- Has a faith and practice which closely identifies with the Convention’s adopted statement of faith. (By way of example, churches which act to affirm, approve, or endorse homosexual behavior would be deemed not to be in cooperation with the Convention.)
- Has formally approved its intention to cooperate with the Southern Baptist Convention. (By way of example, the regular filing of the annual report requested by the Convention would be one indication of such cooperation.)
- Has made undesignated, financial contribution(s) through the Cooperative Program, and/or through the Convention’s Executive Committee for Convention causes, and/or to any Convention entity during the fiscal year preceding.
- Does not act in a manner inconsistent with the Convention’s beliefs regarding sexual abuse.
- Does not act to affirm, approve, or endorse discriminatory behavior on the basis of ethnicity.
WHO HAS BEEN PRESIDENT IN THE PAST?
In most recent memory the SBC President has been a pastor, but that is not always the case. As recently as 1998 Paige Patterson was elected while he was president at Southeastern Seminary. Other seminary heads to serve as President include JP Boyce, EY Mullins, LR Scarborough, William Hamilton from NOBTS, and Pat Neff who was president at Baylor at the time.
Many laymen have also served as president, especially in early years. Patrick Mell was Chancellor of the University of Georgia, and one man James Philip Eagle was the governor of Arkansas, President of AR Baptists, and president of the SBC all at the same time!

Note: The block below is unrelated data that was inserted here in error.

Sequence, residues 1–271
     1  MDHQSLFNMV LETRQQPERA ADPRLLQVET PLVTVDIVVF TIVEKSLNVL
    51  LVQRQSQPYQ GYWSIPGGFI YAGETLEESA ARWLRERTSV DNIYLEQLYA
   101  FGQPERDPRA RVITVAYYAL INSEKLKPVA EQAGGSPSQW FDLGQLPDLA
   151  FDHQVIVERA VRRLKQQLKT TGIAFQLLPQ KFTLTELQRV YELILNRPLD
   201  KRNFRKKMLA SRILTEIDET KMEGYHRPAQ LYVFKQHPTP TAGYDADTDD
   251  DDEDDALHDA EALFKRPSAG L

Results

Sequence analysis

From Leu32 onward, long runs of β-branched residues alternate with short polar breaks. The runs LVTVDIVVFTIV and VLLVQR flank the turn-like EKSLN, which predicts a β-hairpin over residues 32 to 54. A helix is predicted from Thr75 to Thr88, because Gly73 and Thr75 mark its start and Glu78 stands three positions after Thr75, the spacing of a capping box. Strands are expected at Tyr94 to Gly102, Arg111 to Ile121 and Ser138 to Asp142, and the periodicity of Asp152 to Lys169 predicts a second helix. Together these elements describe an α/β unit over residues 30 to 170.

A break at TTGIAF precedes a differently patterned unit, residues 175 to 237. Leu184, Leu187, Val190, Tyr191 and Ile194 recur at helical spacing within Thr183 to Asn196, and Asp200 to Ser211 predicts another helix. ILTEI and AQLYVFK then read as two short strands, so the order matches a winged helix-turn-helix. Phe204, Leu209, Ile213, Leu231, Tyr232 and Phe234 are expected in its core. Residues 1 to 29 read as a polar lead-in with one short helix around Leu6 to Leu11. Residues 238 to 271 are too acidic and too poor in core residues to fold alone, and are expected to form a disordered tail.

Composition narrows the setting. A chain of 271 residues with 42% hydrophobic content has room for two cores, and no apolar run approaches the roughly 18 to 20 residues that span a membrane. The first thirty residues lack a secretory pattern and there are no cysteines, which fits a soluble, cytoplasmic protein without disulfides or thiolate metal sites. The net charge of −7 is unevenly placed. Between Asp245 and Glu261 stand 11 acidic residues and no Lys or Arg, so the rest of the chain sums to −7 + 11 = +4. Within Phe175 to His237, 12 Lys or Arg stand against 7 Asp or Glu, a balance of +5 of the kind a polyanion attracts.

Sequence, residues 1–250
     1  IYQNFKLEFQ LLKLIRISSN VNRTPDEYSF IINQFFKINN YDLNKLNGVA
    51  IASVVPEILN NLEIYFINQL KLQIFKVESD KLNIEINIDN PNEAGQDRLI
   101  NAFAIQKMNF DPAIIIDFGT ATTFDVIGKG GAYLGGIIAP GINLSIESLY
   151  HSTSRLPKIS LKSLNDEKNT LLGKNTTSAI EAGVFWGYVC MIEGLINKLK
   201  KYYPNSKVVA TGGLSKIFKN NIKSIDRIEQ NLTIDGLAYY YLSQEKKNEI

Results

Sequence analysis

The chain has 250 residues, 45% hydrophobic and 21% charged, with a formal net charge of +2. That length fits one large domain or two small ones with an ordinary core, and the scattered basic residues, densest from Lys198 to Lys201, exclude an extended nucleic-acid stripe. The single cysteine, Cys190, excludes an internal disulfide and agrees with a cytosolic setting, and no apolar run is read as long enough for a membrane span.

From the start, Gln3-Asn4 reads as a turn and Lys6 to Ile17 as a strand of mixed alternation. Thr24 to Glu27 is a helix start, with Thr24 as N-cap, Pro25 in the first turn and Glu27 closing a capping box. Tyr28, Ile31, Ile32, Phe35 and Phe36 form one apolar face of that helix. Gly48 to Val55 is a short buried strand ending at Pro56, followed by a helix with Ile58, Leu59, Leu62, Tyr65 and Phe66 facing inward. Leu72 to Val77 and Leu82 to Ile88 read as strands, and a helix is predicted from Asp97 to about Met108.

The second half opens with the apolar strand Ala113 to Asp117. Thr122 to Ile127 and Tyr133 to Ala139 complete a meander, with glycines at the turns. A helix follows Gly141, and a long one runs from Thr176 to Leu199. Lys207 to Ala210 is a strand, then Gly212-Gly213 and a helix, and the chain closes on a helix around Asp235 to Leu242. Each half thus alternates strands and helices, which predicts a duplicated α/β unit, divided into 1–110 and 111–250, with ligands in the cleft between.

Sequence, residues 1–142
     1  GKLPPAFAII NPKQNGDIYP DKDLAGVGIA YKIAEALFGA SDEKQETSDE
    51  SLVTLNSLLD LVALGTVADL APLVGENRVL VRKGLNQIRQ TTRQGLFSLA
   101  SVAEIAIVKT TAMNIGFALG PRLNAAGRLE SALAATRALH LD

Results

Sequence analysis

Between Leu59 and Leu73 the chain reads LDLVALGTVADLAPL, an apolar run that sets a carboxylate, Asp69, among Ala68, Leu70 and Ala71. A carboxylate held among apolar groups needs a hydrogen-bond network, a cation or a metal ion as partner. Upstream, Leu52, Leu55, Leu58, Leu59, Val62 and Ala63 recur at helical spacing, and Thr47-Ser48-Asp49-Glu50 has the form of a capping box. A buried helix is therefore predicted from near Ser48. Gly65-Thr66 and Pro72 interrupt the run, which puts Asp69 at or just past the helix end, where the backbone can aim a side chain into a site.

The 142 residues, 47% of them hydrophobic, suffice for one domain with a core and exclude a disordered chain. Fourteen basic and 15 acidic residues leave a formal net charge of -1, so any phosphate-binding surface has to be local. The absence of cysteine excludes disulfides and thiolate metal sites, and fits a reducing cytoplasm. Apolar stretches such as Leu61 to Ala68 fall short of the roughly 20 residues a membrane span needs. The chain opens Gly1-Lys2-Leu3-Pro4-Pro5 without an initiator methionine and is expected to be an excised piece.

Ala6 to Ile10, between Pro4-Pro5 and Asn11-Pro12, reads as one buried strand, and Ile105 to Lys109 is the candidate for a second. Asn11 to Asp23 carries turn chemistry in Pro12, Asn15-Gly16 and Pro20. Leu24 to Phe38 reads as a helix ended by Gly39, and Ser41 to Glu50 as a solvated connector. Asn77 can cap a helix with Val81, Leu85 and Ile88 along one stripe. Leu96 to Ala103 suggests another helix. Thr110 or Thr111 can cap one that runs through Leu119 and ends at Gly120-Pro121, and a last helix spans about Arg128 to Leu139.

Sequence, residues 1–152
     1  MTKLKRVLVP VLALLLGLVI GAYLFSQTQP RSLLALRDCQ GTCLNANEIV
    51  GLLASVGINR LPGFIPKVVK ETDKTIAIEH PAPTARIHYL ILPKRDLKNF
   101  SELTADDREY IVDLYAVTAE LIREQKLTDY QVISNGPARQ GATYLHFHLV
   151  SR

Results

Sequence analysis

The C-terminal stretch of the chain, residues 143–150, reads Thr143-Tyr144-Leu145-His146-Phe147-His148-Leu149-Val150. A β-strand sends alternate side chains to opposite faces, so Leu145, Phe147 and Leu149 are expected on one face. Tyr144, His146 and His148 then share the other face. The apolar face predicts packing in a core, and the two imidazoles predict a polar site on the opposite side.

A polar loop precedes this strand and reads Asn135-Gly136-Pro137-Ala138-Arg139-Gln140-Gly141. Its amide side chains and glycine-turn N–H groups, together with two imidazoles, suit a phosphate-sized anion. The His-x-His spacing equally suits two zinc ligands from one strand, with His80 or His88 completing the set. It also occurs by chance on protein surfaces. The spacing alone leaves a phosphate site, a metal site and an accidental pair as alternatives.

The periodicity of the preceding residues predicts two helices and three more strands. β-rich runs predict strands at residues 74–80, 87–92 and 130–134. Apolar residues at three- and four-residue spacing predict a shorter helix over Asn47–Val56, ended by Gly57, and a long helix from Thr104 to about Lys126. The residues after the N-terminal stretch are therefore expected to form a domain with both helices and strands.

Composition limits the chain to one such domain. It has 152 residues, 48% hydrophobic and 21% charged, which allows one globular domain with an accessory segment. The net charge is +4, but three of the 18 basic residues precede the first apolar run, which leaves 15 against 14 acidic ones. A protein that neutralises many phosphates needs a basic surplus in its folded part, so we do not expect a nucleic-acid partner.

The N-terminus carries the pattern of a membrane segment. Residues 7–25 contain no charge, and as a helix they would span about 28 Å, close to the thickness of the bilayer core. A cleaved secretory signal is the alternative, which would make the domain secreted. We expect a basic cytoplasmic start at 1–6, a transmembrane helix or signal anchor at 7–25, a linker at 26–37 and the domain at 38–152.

The last layman elected president was Lawrence Owen Cooper of Mississippi. He was nominated by a former employee of his, the comedian Jerry Clower.
There has not been a woman serve as president of SBC, although there is nothing that says it couldn’t happen. Again, the by-laws only state that the officers must be members of co-operating churches. When Owen Cooper was elected president in 1972, one of the other nominees was Marie Mathis, the long time president of WMU. She was nominated for the office of president by Russel Dilday, although she was not in the room at the time. There were several candidates that year and she did not make the run off. Mathis was no stranger to convention life though. In 1963 Marie Mathis was elected Second Vice President, and became the first woman to preside over the SBC Meeting. After her Mrs Carl Bates was elected 2nd VP in 1976.
All of that history aside, the requirements are quite simple. Almost anyone from any cooperating church could be nominated, and in fact they could be when nominations open from the floor in Anaheim. In recent years we have announcements about who will be put forward, but any registered messenger can nominate someone from the floor of the meeting. We have our traditions, but they are just that, traditions, and they are not binding in any way.
This feels like an especially important election in Baptist life as different groups desire to take the convention one way or another. But I encourage you to not simply believe what you see on Facebook and Twitter. Go read the constitution and by-laws for yourself. Get to know the candidates as best you can, pray about who would best, cast your vote, and then support who ever gets elected. God is still on the throne no matter who becomes president of the SBC, and our seminaries and entities will continue doing the vital work they do to take the gospel to the ends of the earth.